Neighborhood is a short quick read that will leave you a little disquieted but basically feeling informed. Redemption is a short quick read that will leave you very disquieted and feeling very pissed and aware that the Southern style of politics we've suffered through in recent decades is deeply embedded in our national DNA. Lemann is not my favorite writer, too old school and Beltway, too disdainful of blogs and ruffians at the journalistic cotillion, but he does this topic well. Describing the fall of Reconstruction through the success of white militias in LA and MS and the wimpy, ineffective leadership and opposition of a major political party (sound familiar??), his work leaves echoes of today's politics pounding in your ears. (And sends a message about ultimately self-defeating vacillating and equivocating for political expediency that will likely chill your bones.)

I personally wanted to pound heads as he detailed the way the right-wing cancer of that period blustered its way into an overthrow of the Northern Civil War victory. The re-writing of this crucial period's history by "professional" historians in the aftermath in the name of "keeping us all together" and being tired of confrontation of evil is so infuriating and unjust that it rivals all the disingenuous b------t spewed by academics, pundits, and political "leaders" today. And, sure enough, there are plenty of "let's understand and get along" moral weaklings at every step of the betrayal of the War and the people it freed.

It's very easy to play the game of picturing who from then and who from now could have traded places without skipping a beat. (All the idiotic praise of Ford and his binding up and enabling of the infection that Nixon and his people injected into our national veins to bring us to the potentially fatal point we find ourselves today provides plenty of great examples, and if that was too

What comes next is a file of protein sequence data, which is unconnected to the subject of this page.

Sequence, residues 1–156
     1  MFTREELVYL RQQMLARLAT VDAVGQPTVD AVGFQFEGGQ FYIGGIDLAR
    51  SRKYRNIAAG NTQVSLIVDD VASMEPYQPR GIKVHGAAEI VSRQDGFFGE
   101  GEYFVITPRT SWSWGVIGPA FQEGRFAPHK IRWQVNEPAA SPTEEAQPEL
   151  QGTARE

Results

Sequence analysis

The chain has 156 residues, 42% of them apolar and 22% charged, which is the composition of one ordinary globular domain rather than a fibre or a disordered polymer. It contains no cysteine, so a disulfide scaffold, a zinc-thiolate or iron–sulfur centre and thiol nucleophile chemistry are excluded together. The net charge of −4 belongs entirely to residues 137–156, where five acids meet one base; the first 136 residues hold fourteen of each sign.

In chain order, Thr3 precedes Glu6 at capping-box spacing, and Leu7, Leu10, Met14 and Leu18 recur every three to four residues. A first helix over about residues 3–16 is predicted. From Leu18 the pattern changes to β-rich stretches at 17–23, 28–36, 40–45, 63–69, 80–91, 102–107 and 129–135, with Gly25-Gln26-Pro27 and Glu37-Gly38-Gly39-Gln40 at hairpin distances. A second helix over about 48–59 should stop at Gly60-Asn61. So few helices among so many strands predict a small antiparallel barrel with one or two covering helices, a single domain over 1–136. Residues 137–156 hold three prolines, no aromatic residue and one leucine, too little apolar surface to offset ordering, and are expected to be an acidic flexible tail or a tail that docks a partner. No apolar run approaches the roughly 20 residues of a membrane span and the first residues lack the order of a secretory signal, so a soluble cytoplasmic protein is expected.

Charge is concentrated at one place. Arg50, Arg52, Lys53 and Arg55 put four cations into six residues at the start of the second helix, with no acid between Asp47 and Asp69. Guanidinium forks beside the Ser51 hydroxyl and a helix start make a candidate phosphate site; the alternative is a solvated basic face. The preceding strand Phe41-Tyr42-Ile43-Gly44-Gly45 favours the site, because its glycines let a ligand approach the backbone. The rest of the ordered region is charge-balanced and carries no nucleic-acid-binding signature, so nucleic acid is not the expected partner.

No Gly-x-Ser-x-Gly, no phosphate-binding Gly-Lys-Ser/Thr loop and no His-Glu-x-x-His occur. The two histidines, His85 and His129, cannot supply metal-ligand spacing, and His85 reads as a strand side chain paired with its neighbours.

"annoying" and "defeatist," Atrios, when you mature at least a little, maybe you can learn some of the history your econ teachers taught you to ignore.) We had it in our power to institutionalize the American Legacy for all people of all colors, and we threw it away with vacillation, cowardice, temporizing, weariness, and unwillingness to stand for principle. Everything Dr. King was still condemning from his Birmingham jail cell almost a century later. (And don't get me started on JFK, who at the end of the books shows his true patronizing and ignorant shades.)

The scariest thing about this horribly enlightening book is the realization you get that "leaders" like we have today on all sides can throw away decades and generations simply through expediency and ignorance. For example, the justification for not sending federal troops into MS to ensure an honest election in the face of militant, organized white bigots was that it would hurt Republicans in the coming states like OH. Well, they won in OH. And threw away the South. Which they have now regained by adopting the same aggression of those militant, organized white bigots. And the rest of us get to live with that legacy.

God is just.